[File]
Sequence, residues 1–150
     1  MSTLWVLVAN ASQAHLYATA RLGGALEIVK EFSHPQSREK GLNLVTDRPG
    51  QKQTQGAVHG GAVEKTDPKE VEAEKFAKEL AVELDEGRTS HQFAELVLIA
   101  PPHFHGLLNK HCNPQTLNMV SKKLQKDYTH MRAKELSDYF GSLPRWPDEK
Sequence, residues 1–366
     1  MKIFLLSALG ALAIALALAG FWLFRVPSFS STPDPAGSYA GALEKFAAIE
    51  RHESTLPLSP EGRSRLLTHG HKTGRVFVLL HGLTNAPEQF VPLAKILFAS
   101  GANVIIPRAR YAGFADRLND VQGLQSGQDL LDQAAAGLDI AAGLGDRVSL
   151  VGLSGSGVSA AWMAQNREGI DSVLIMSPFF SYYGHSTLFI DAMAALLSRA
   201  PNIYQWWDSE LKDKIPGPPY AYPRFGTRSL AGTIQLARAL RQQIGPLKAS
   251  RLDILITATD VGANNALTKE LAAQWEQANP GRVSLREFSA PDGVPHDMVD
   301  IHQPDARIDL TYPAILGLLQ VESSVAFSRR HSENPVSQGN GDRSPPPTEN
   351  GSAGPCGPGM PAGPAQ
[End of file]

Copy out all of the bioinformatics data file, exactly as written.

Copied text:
Sequence, residues 1–150
     1  MSTLWVLVAN ASQAHLYATA RLGGALEIVK EFSHPQSREK GLNLVTDRPG
    51  QKQTQGAVHG GAVEKTDPKE VEAEKFAKEL AVELDEGRTS HQFAELVLIA
   101  PPHFHGLLNK HCNPQTLNMV SKKLQKDYTH MRAKELSDYF GSLPRWPDEK
Sequence, residues 1–366
     1  MKIFLLSALG ALAIALALAG FWLFRVPSFS STPDPAGSYA GALEKFAAIE
    51  RHESTLPLSP EGRSRLLTHG HKTGRVFVLL HGLTNAPEQF VPLAKILFAS
   101  GANVIIPRAR YAGFADRLND VQGLQSGQDL LDQAAAGLDI AAGLGDRVSL
   151  VGLSGSGVSA AWMAQNREGI DSVLIMSPFF SYYGHSTLFI DAMAALLSRA
   201  PNIYQWWDSE LKDKIPGPPY AYPRFGTRSL AGTIQLARAL RQQIGPLKAS
   251  RLDILITATD VGANNALTKE LAAQWEQANP GRVSLREFSA PDGVPHDMVD
   301  IHQPDARIDL TYPAILGLLQ VESSVAFSRR HSENPVSQGN GDRSPPPTEN
   351  GSAGPCGPGM PAGPAQ